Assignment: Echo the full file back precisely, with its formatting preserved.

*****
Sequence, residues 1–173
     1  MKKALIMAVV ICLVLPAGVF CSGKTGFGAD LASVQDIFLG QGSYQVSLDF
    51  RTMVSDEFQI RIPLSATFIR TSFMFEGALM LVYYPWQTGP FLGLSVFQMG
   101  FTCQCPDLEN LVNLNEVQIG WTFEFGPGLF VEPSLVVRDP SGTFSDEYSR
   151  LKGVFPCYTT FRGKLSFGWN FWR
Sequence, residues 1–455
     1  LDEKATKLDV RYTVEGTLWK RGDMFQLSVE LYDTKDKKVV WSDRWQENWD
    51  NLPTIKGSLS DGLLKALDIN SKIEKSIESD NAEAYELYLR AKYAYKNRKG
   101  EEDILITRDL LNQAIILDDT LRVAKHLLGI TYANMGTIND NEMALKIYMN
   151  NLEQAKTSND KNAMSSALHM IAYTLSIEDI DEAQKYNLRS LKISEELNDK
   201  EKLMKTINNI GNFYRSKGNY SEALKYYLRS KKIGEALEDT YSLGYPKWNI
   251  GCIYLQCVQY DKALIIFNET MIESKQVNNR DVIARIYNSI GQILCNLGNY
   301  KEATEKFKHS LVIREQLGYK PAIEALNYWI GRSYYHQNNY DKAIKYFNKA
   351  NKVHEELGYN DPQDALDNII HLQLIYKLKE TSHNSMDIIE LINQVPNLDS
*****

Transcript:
Sequence, residues 1–173
     1  MKKALIMAVV ICLVLPAGVF CSGKTGFGAD LASVQDIFLG QGSYQVSLDF
    51  RTMVSDEFQI RIPLSATFIR TSFMFEGALM LVYYPWQTGP FLGLSVFQMG
   101  FTCQCPDLEN LVNLNEVQIG WTFEFGPGLF VEPSLVVRDP SGTFSDEYSR
   151  LKGVFPCYTT FRGKLSFGWN FWR
Sequence, residues 1–455
     1  LDEKATKLDV RYTVEGTLWK RGDMFQLSVE LYDTKDKKVV WSDRWQENWD
    51  NLPTIKGSLS DGLLKALDIN SKIEKSIESD NAEAYELYLR AKYAYKNRKG
   101  EEDILITRDL LNQAIILDDT LRVAKHLLGI TYANMGTIND NEMALKIYMN
   151  NLEQAKTSND KNAMSSALHM IAYTLSIEDI DEAQKYNLRS LKISEELNDK
   201  EKLMKTINNI GNFYRSKGNY SEALKYYLRS KKIGEALEDT YSLGYPKWNI
   251  GCIYLQCVQY DKALIIFNET MIESKQVNNR DVIARIYNSI GQILCNLGNY
   301  KEATEKFKHS LVIREQLGYK PAIEALNYWI GRSYYHQNNY DKAIKYFNKA
   351  NKVHEELGYN DPQDALDNII HLQLIYKLKE TSHNSMDIIE LINQVPNLDS